December 20, 2019

Postcards from a frozen icebreaker – Part 18

Posted by larryohanlon

By Matthew Shupe

12/8/19 Getting Down to the End

Wow what a blitz it has been around here lately. Seems that time is accelerating as the Dranitsyn cruises towards us with the Leg 2 group of scientists and crew. They are ready, I’m sure. But it seems that we are not yet ready to hand everything off to them. So many last minute details to finish. We’ve had to fix instruments, re-deploy systems, document everything, upload data, clean. So much to get done in order to feel good about setting Leg 2 up for success. I am sure it will not all get done, but these days are full with trying.

The aurora seen from the Russian Kapitan Dranitsyn, as it leaves Norway. Photo: Michael Gallagher, CIRES and NOAA

12/9/19 Tower Climb

It is perhaps my last tower climb while being here on Leg 1. Some days ago I had climbed our tower in modest winds to pull down a met sensor that needed to be swapped out (it was needed for elsewhere). And in the process, we wanted to compare met sensors from different heights. So we re-installed the new sensor but put it at the 2m height to compare with our other instrument there for some days. But this needed to go back up to the 6m height. Today was pretty windy, and that wind bites hard. Holding this boom up to the tower and then attaching it with a bunch of U-bolts. This requires nimble and dexterous hands, my thin silk glove liners. I could get one or two nuts screwed on and then had to stuff my hand back into my glove to get it a bit warmer. Then back for another nut. All the while, everything is cooling down. I feel my feet getting colder as they stand on the steel tower rungs. My fingers get slightly warmer when inside my gloves, but never really warm….. and with each successive activity, they slip deeper and deeper into cold. Starting to lose the dexterity a bit, so that gets challenging. I completed the job and started dressing the cables on the way down the tower, but then had to get down and warm up. One of those times when the fingers are really aching as they thaw out. This was one of the deepest colds I’ve experienced thus far at MOSAiC…. But a little heat inside the Met Hut (and a bit of jumping around as the thawing ache really hurt!) and things were back and regulated. Ready to head back outside and finish the cabling, etc. Check another activity off the list. I’m glad the Leg 2 people don’t have to take care of that.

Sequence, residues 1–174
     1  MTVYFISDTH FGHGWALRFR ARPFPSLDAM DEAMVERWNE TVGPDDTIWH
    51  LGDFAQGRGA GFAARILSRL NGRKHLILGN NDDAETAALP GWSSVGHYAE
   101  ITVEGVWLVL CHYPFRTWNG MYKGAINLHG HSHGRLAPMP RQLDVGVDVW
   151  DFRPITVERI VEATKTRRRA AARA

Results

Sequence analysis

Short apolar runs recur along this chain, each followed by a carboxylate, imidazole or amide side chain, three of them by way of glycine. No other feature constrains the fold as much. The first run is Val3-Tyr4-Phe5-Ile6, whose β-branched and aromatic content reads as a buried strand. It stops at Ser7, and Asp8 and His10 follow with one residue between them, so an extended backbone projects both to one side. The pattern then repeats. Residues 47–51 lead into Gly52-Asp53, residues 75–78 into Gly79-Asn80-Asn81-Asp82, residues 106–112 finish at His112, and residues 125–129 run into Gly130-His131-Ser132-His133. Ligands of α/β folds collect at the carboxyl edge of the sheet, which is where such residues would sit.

Group picture of the MOSAiC Leg 1 science team with Capitan Schwarze on the MOSAiC ice floe. We are preparing for the arrival of the Captain Dranitsyn supply vessel and for the handover of scientific research and logistics for the next leg. Photo: Alfred-Wegener-Institut / Esther Horvath (CC-BY 4).

Read more of Shupe’s posts here

Scientist Matthew Shupe (CIRES/University of Colorado Boulder) is blogging from an icebreaker frozen into Arctic Ocean sea ice, so far north that the Northern Lights are no longer visible. Shupe is co-coordinator of the international Arctic climate mission MOSAiC, or Multidisciplinary Drifting Observatory for the Study of Arctic Climate. Today, he’s among about 100 people aboard the German icebreaker Polarstern, which is frozen into an ice floe where it will drift until September 2020. Shupe, who also works for the NOAA Physical Sciences Division in Boulder, Colorado, began planning the mission more than a decade ago, with an expanding network of scientific leaders from around the world. In a series of short posts from the ship, he shares his experience during the first several weeks of the expedition, led by the Alfred Wegener Institute. Shupe is aboard AWI’s Polarstern until late December; he’ll return to the ship for at least one more two-month stint next year. U.S. funding for MOSAiC sciences comes primarily from the National Science Foundation and the Department of Energy. Follow the expedition: and @MOSAiCArctic.